By the time I read a book off my TBR bench -- particularly if it's the only one by that author -- I've mostly forgotten why I bought it. In the case of The Wrong Wife by Carolyn McSparren, I got a clue tucked inside the book: a badly faded receipt from August 2000 showing that someone bought Deep in the Heart of Texas by Linda Warren and Renegade Heart from a B. Dalton bookstore in San Francisco. (And no, I can't tell you who the author is of the latter book -- two were published that month with the same title: a Harlequin Intrigue by Gayle Wilson and a Zebra Historical by Amy J. Fetzer.) (No, wait, I lie -- the receipt includes the ISBN-10, and the winner is . . . Gayle Wilson.)
So, I now know I got the McSparren book on my trip to Tiburon, visiting Janet W. Whether it's one of the books she gave me, or one of the many I bought at a used bookstore in Petaluma -- not sure.
The Wrong Wife -- an odd title, upon reflection -- is a Harlequin Superromance, which I think simply refers to the length, closer to 300 pages than 200. When I first picked it up, I was underwhelmed. Annabelle Langley, the heroine is having visual hallucinations. I'm no psychiatrist, but visual hallucinations -- barring a conventional explanation like extreme intoxication -- are the sort of symptom that makes me wish the heroine would get to a professional and not into a romantic relationship. The hero, Ben Jackson, is a local assistant district attorney in Memphis. His father was, in no particular order, an alcoholic, a womanizer, and a defense attorney (ooh, guess which is the real badge of shame in that trilogy). In fact, Ben's father got a guy (Elmer Bazemore -- do we even need more evidence to know he's guilty guilty guilty?) off for a lesser crime and then the guy stalks and kills Ben's high school sweetheart, Judy, just because he can.
Okay, so Ben's got daddy issues. But that's nothing compared to Annabelle's family saga. Annabelle's mother, Chantal, was Cajan, sexually promiscuous, and volatile. Someone shot her when Annabelle was four years old. Annabelle's dad, Ray, confessed to the murder, copped a plea, went to prison, served his term and his parole and then disappeared, leaving Annabelle to be raised by his mother, Victoria Langley, aka "Grandmere." Do I even have to tell you what a piece of work Grandmere is? No, I didn't think so.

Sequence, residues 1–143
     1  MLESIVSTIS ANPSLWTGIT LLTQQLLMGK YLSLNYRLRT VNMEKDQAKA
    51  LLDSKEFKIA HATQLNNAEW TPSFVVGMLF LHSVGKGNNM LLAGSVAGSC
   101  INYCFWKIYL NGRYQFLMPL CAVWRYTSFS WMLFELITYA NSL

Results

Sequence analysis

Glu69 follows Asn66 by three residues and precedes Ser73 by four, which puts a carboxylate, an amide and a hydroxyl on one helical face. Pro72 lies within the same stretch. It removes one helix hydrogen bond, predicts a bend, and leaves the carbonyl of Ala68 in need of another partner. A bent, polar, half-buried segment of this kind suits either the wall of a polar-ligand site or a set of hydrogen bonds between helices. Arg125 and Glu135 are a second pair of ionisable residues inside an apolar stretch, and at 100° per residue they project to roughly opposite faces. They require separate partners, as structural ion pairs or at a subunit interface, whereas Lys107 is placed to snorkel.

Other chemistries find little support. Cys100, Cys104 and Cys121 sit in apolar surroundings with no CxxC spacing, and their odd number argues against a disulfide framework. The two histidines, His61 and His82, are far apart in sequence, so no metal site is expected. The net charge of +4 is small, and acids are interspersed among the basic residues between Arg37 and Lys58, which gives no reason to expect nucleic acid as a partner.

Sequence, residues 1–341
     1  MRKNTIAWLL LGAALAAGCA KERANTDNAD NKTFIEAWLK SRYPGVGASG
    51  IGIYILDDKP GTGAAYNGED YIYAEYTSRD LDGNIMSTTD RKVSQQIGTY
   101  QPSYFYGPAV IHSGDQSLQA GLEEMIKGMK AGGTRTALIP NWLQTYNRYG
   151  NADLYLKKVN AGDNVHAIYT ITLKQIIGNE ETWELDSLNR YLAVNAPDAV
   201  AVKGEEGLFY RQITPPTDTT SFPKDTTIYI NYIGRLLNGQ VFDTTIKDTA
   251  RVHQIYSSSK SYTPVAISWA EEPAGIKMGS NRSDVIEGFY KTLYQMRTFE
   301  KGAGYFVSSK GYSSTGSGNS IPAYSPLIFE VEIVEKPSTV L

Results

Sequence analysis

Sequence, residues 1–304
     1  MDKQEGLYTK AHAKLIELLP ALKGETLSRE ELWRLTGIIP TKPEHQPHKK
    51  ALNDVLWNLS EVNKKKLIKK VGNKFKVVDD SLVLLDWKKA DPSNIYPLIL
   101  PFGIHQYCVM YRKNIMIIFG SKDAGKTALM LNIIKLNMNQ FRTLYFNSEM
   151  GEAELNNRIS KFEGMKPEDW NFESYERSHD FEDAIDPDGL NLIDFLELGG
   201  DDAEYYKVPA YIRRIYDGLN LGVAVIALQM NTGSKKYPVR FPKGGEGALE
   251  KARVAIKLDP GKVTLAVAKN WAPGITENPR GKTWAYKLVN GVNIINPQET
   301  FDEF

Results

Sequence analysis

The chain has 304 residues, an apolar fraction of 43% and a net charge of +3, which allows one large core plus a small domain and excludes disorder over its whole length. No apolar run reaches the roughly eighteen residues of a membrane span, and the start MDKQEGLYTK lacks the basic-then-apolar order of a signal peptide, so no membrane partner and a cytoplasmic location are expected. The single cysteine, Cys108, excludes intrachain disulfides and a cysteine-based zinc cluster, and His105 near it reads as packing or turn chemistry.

Here's a family tree -- I had to guess at the great-grandparents, but I think I have the basic structure right. (Click on it if you can't read it.)
Now, here's my question: If you were either protagonist, would you pick the other one as an appropriate mate? Nah, me neither. But supposedly Ben falls for Annabelle in a Big Way the moment he sees her. He even climbs a tree. (No, don't ask.) She rebuffs him, rejects him, sleeps with him, refuses to date him, renounces him, then says yes. You get whiplash watching their romance unfold.
If the book had just been about their romance, it would have been a DNF or a TATW (Throw Against The Wall). But, it has a murder to solve! And before you know it, the Stupid Romance between two questionable characters is readable. Can I figure out whodunnit? (Yes.) Can I see the Huge Plot Twist? (No, to McSparren's credit.) Can I be happy that the Guilty Party or Parties is/are Brought To Justice? (Sort of.)
Here, then, is my statement of the obvious: Even a little bit of suspense can make a ludicrous romance interesting. Which I'm filing with a previous statement of the obvious: Making your characters paranormal renders them a lot easier to make interesting to the reader.
This may explain, just a little, why contemporary romances are currently out of favor. To make a contemporary romance fun to read, the author has to go that extra distance to make "normal" characters seem vibrant, exciting, intriguing, compelling, and a lot of other "can't wait to see what happens next" adjectives. Miss that mark, and your book will seem washed out compared to 7-foot-tall hawt vampires or whodunnits.
In the worst case scenario, your characters will seem obvious.